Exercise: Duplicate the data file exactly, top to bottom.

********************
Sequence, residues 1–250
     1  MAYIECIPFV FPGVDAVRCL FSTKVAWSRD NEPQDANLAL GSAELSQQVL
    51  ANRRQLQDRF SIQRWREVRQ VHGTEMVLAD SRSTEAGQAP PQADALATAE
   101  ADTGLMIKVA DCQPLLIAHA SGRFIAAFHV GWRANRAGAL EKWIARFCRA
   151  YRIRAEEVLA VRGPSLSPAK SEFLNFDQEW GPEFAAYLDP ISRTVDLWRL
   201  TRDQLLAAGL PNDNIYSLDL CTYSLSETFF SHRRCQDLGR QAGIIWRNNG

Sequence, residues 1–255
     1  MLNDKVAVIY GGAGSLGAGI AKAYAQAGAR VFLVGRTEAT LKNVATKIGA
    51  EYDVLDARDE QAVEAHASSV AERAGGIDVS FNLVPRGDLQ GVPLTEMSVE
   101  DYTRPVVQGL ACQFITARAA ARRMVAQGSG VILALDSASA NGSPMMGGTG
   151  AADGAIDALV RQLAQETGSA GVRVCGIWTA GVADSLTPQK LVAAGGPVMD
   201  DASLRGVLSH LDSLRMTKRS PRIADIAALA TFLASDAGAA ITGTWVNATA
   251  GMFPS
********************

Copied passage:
Sequence, residues 1–250
     1  MAYIECIPFV FPGVDAVRCL FSTKVAWSRD NEPQDANLAL GSAELSQQVL
    51  ANRRQLQDRF SIQRWREVRQ VHGTEMVLAD SRSTEAGQAP PQADALATAE
   101  ADTGLMIKVA DCQPLLIAHA SGRFIAAFHV GWRANRAGAL EKWIARFCRA
   151  YRIRAEEVLA VRGPSLSPAK SEFLNFDQEW GPEFAAYLDP ISRTVDLWRL
   201  TRDQLLAAGL PNDNIYSLDL CTYSLSETFF SHRRCQDLGR QAGIIWRNNG

Sequence, residues 1–255
     1  MLNDKVAVIY GGAGSLGAGI AKAYAQAGAR VFLVGRTEAT LKNVATKIGA
    51  EYDVLDARDE QAVEAHASSV AERAGGIDVS FNLVPRGDLQ GVPLTEMSVE
   101  DYTRPVVQGL ACQFITARAA ARRMVAQGSG VILALDSASA NGSPMMGGTG
   151  AADGAIDALV RQLAQETGSA GVRVCGIWTA GVADSLTPQK LVAAGGPVMD
   201  DASLRGVLSH LDSLRMTKRS PRIADIAALA TFLASDAGAA ITGTWVNATA
   251  GMFPS